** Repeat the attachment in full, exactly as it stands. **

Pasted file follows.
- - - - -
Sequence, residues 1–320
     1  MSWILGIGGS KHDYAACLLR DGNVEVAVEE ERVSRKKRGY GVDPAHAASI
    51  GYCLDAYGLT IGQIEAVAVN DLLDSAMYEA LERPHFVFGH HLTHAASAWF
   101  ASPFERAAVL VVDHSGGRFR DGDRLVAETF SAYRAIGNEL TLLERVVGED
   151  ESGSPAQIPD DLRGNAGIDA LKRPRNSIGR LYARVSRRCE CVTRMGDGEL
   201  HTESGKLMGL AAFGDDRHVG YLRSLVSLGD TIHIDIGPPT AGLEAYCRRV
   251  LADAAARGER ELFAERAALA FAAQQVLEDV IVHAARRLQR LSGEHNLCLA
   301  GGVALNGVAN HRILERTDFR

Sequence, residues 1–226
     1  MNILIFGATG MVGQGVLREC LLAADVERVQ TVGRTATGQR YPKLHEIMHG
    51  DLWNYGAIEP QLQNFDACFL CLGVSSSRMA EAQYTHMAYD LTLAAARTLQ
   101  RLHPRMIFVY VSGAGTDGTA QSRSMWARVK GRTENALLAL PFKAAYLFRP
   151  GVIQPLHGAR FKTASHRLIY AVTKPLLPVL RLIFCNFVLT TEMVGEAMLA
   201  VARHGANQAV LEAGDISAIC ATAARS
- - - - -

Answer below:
Sequence, residues 1–320
     1  MSWILGIGGS KHDYAACLLR DGNVEVAVEE ERVSRKKRGY GVDPAHAASI
    51  GYCLDAYGLT IGQIEAVAVN DLLDSAMYEA LERPHFVFGH HLTHAASAWF
   101  ASPFERAAVL VVDHSGGRFR DGDRLVAETF SAYRAIGNEL TLLERVVGED
   151  ESGSPAQIPD DLRGNAGIDA LKRPRNSIGR LYARVSRRCE CVTRMGDGEL
   201  HTESGKLMGL AAFGDDRHVG YLRSLVSLGD TIHIDIGPPT AGLEAYCRRV
   251  LADAAARGER ELFAERAALA FAAQQVLEDV IVHAARRLQR LSGEHNLCLA
   301  GGVALNGVAN HRILERTDFR

Sequence, residues 1–226
     1  MNILIFGATG MVGQGVLREC LLAADVERVQ TVGRTATGQR YPKLHEIMHG
    51  DLWNYGAIEP QLQNFDACFL CLGVSSSRMA EAQYTHMAYD LTLAAARTLQ
   101  RLHPRMIFVY VSGAGTDGTA QSRSMWARVK GRTENALLAL PFKAAYLFRP
   151  GVIQPLHGAR FKTASHRLIY AVTKPLLPVL RLIFCNFVLT TEMVGEAMLA
   201  VARHGANQAV LEAGDISAIC ATAARS